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Foreverinmotion

September 12, 2007 by  
Filed under Spotlight Bands

brenInterviewed by: Debie Patton

Welcome back to Indianapolis!

Thanks!  Glad to be back.

We have to start with the obligatory first question, about the name. I know you get it all the time, but as a solo artist you chose to instead go by “Foreverinmotion.” Why did you do that versus “Brendon Thomas?”

Because the name “Brendon Thomas” isn’t interesting, and it’s too… earthly, you know what I mean?  Everyone has a name.  Why should music be represented simply by someone’s name?

Why “Foreverinmotion,” then?

Why not?  (laughs)

Touche!

Okay.  I’ll explain. Its kinda deep. So… The past and the future are nothing more than ideas, you with me?

Yep.

What’s happening now will soon be a memory. And the future is something that hasn’t happened but is also nothing more than thought…an illusion of the mind.  The only thing that truly exists in space time is the present–moment by moment–a window that is constantly changing its view.  The present is forever, and what creates the ideas of the past and future is change: The movement, the motion, moment by moment. And we are that moment. We are forever in motion. So that’s the gist. I hate answering that question.
I’m sorry, I had to ask it.

No, it’s cool!
If there was a way around it, I would have done it, but… Okay moving on.  Your writing process is very interesting.  You play pretty much every instrument except drums on…both of your CDs, actually…

I actually did play some drums on the new record.
Oh, okay. I love the video you have on your myspace, so share that writing process with us.  We’ll probably link that, but…

Yeah, totally! I basically write bare-bones acoustic or piano songs, and I can kinda hear the other parts in my head, but I don’t work them out until I record. I’ll record the basics, then I’ll track some bass guitar, drums, and from there I’ll just pick an instrument and jam.  Just jam with the song and build it up, part by part, until the sound scape feels right to me. It’s like painting a picture, you know?  Its fun.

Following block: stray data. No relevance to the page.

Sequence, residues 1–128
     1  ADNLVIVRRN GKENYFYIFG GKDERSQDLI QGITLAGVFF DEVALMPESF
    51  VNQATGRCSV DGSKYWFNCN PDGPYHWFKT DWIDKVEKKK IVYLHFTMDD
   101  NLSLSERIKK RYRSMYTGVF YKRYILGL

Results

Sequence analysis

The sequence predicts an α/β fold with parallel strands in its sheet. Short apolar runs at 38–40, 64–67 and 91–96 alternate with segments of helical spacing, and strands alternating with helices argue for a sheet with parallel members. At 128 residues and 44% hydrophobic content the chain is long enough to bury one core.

Layer upon layer.

Just listen for it.

Now can you actually read sheet music?  Do you ever use it with any of your songs in the studio?

I can read it.  I was in band all the way through high school…I played saxophone and drums.
No shit?  That’s what I did!  Both of those, actually!

That’s awesome!  Well, there’s a connection! I don’t ever write out sheet music. I feel that when I read sheet music, the focus is on reading the music as opposed to feeling it. I know some people can feel music when they’re reading it, and they’re amazing musicians, but I just don’t like it.  It doesn’t work for me.

I think it takes more talent to feel it without reading it, really.  Anyone can be taught to read music.

Yeah.  The emotion is ten-fold stronger when it’s just coming from inside of you as opposed to coming from an external source.
Your first CD was recorded when you were 19, is that correct?

You are correct.
Okay, um…in your bedroom, layer upon layer on your computer…

Yep.
Do you consider yourself a pioneer in any way because of that “homemade” process?

No.
Why not?

I know a lot of people who record music this way, I guess I have a knack for it, you know?  I do it in a unique way, maybe?
I remember last time you were here you said something onstage about Myspace and how Myspace was evil and asking people if they had one and all that…but it’s a great outlet for music and musicians…